New Wireless Sensors Tackle Old Problems Like Pneumonia

Wireless sensor technology developed by the University of Missouri can measure subtle changes in pulse, respiration, and bed restlessness, warning clinicians of the early onset of pneumonia or other life-threatening problems.

Anthony Vecchione, Contributor

June 26, 2012

4 Min Read

10 Wearable Devices To Keep Patients Healthy

10 Wearable Devices To Keep Patients Healthy

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For the past seven years, wireless sensor technology developed at the University of Missouri (MU) has helped detect disease in its early stages among residents living at the TigerPlace assisted care facility in Columbia, Mo. Now, thanks to a grant from the National Science Foundation, that technology soon will be expanded to remotely monitor the elderly in another facility in Cedar Falls, Iowa.

Marilyn Rantz, RN, professor of nursing at the Sinclair School of Nursing at the University of Missouri, said that staffers and MU researchers will remotely monitor residents in Cedar Falls from the TigerPlace facility, which is about three miles from MU. High-speed video conferencing capabilities will allow communication between staff and residents at the two locations.

"Using what we're already doing at TigerPlace and deploying it at the facility in Cedar Falls will allow us to further test the concept of remote health care," Rantz told InformationWeek Healthcare. "Monitoring individuals with in-home sensors allows us to unobtrusively monitor their health changes based on their individual activity patterns and baseline health conditions."

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Rantz said that environmentally embedded sensors that monitor pulse, respiration, and bed restlessness have been a key to the success of early detection.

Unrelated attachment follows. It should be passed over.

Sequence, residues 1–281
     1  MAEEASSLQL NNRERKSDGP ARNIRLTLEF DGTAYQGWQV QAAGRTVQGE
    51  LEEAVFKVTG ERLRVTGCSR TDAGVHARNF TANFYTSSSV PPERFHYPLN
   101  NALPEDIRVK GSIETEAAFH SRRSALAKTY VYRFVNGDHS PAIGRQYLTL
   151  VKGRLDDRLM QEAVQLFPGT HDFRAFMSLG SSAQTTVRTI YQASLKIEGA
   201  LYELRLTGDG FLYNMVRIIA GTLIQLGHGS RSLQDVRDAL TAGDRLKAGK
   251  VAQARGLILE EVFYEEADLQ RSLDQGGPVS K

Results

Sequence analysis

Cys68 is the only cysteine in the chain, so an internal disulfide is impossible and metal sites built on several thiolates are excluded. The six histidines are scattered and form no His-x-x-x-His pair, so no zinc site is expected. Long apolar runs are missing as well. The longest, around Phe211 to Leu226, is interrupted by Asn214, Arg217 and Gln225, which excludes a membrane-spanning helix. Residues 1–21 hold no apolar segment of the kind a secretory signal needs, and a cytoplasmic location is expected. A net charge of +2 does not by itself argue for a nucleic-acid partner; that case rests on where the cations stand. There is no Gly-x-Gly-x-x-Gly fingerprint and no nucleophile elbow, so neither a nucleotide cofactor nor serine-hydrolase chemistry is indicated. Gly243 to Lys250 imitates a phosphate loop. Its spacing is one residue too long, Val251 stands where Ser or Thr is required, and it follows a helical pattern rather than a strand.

"What we have been able to discover are new pieces of information from the environmentally embedded sensors that can indicate when people are having functional decline and particularly when they are getting sick," Rantz said. She added that the sensors are able to pick up when people are developing an illness between 10 and 26 days before the older adult or someone else detects the illness.

"We've automated this process, we send out alerts to the staff and take a closer examination and look at the changes in the sensor patterns. We look at those changes and do an assessment to see what's going on."

For example, pneumonia caught in its early stages can deter an emergency room visit or hospitalization. "You have less health care costs and it's easier on the person because you can recover from that acute illness faster because you caught it early," said Rantz.

Alerts are set up on an email system and are accessible via a smartphone, said Rantz. The alerts are currently sent to the healthcare staff at TigerPlace and the healthcare research team at MU. The alerts from the sensors at the Iowa facility go to the Iowa staff, the TigerPlace staff, and the research team, she said.

An environmentally embedded sensor is a motion sensor that is unobtrusive and environmentally pleasing. For example, a sensor that that can be mounted on a wall or one that sits in a box that looks like an end table.

These sensors wirelessly transmit data to small computers that in turn transmit data via a secure network server located at TigerPlace and in the telecom building at MU. "We do real-time data analysis and feedback to the user and the healthcare provider," Rantz said.

Rantz said that the combination of sensor technology with care coordination represents the future. "Much of what I see with older adults are the same problems that I saw 40 years ago and this is a new solution to those same old problems."

According to a 2010 position paper released by the Center for Technology and Aging entitled "Technologies for Remote Patient Monitoring (RPM) for Older Adults," the U.S. healthcare system could reduce its costs by nearly $200 billion during the next 25 years if remote monitoring tools were used routinely in cases of congestive heart failure, diabetes, and chronic obstructive pulmonary disease (COPD). The position paper stated that RPM technologies could help older adults slow the progression of chronic disease and alert caregivers and prompt intervention when a vulnerable older adult is injured or in harm's way.

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About the Author(s)

Anthony Vecchione


Anthony Vecchione is a veteran health/medical journalist with extensive experience writing and editing news and feature stories as well as breaking news for both print and online editions.

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